BEST TYPES OF THERAPY FOR INTROVERTS

 

*One-on-one Talk Therapy will most likely work out great for an introvert.  Since they enjoy and thrive in a one-on-one environment, this is something they should try as a first option.  Since they may not enjoy talking on the phone, making an online appointment through a primary care provider or health insurance website may be the best course of action.  Research therapists online, where they can look at websites, pictures and services may also put them at ease.  

 Source: lonerwolf.com

*Online therapy, which is becoming more popular because of its availability, is another option that an introvert would probably find success with.  Since they may be someone who enjoys communicating in writing, this type of talk may be the perfect fit. Chat rooms are another online “talk” option.  Since these groups are also in a written format, they may be a successful alternative. But note, “This kind of effort takes a fair amount of commitment and understanding of the online world.” John M. Grohol, Psy.D. expresses.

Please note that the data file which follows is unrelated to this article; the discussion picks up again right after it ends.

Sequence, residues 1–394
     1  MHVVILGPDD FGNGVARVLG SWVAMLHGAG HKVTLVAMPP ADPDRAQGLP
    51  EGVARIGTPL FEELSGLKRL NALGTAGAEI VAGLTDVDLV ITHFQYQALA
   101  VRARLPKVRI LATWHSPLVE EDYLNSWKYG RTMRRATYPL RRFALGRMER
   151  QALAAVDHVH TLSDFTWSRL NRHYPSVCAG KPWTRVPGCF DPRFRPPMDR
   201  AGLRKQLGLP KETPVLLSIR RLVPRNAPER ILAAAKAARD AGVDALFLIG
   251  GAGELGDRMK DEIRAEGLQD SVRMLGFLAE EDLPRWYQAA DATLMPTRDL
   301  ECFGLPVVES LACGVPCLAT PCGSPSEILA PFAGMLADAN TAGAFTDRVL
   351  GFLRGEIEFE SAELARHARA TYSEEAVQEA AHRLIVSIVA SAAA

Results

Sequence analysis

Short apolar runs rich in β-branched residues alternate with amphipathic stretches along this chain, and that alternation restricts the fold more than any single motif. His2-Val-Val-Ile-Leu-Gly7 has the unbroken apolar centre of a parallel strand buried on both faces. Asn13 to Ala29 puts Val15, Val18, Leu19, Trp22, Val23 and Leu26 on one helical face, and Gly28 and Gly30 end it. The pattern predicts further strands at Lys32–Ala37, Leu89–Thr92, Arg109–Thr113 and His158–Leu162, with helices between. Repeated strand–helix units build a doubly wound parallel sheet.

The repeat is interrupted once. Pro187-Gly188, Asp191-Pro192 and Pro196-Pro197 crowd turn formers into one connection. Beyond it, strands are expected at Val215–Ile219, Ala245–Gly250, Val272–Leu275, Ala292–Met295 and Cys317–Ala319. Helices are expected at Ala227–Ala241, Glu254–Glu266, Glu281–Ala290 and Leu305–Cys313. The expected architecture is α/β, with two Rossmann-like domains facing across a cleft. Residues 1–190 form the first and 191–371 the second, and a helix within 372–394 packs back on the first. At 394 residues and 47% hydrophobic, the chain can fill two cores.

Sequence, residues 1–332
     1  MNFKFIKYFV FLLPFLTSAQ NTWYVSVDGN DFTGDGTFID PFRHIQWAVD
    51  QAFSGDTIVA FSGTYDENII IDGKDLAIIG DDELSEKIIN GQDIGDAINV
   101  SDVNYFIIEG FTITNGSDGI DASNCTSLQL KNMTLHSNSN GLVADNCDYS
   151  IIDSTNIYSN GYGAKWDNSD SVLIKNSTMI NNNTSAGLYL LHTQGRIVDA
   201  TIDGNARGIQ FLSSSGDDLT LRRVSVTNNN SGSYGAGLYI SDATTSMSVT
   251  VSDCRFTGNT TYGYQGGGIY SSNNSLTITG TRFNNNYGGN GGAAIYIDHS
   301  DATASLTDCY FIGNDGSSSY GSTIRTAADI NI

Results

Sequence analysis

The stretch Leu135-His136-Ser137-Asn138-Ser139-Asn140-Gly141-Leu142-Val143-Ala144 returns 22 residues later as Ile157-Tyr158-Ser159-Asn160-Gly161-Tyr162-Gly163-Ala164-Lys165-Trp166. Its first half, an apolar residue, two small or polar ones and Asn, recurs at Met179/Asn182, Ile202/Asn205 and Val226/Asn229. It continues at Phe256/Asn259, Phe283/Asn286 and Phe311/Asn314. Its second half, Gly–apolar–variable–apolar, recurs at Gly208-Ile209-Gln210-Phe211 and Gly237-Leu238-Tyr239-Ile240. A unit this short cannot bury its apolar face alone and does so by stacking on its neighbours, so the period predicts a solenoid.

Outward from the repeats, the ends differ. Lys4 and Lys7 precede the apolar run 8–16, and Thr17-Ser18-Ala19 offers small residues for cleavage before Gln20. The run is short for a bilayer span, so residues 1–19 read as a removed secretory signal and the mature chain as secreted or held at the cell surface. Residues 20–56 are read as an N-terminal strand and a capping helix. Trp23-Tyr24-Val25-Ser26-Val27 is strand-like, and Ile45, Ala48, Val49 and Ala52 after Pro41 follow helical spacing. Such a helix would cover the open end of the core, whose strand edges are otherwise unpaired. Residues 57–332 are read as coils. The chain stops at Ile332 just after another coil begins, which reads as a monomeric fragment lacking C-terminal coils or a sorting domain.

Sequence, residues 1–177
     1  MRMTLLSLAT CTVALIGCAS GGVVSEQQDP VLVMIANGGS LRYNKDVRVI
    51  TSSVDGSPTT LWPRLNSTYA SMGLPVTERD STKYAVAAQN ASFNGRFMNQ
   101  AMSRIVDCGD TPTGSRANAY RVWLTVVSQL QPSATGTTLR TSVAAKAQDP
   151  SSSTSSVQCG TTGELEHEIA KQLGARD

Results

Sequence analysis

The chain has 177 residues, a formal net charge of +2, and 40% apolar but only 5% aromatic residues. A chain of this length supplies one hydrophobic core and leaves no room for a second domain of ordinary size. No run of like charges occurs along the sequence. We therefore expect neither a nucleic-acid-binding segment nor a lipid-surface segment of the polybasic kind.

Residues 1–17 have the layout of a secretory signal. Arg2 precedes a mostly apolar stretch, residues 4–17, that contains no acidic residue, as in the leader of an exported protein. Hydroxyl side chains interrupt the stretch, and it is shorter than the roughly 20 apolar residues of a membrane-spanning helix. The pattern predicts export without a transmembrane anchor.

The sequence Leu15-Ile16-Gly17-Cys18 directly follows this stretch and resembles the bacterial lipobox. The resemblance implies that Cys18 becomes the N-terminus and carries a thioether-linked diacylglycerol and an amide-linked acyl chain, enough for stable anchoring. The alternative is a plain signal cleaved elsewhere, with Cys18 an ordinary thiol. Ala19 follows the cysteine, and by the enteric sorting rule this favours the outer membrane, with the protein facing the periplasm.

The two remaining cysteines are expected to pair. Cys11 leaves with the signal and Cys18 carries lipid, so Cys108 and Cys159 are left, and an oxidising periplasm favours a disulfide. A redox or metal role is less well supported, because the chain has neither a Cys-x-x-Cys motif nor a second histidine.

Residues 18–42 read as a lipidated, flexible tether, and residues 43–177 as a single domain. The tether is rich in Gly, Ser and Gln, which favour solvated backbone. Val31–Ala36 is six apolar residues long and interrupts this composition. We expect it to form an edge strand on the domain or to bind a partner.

*Group therapy may be an option if it is a small group.  It may be helpful to an introvert to be in a group where they work on skills for social interaction, conversation building and self-esteem so that they become more comfortable in these types of situations.  Again, forcing them to participate in one of these groups would not be helpful to them, but if they make the choice to join the group, they will gainvaluable tools to use in other social situations.

 

As with any type of therapy for any individual, introverts must feel a connection with their therapy provider and not feel like they have to stay with the first person they meet with.  Although notifying a therapist who isn’t a good match can be difficult, it is better to move on, find the right match and find a connection. They may need to meet with several providers before they find the connection, but it is well worth the time to find someone who will be the most helpful to them.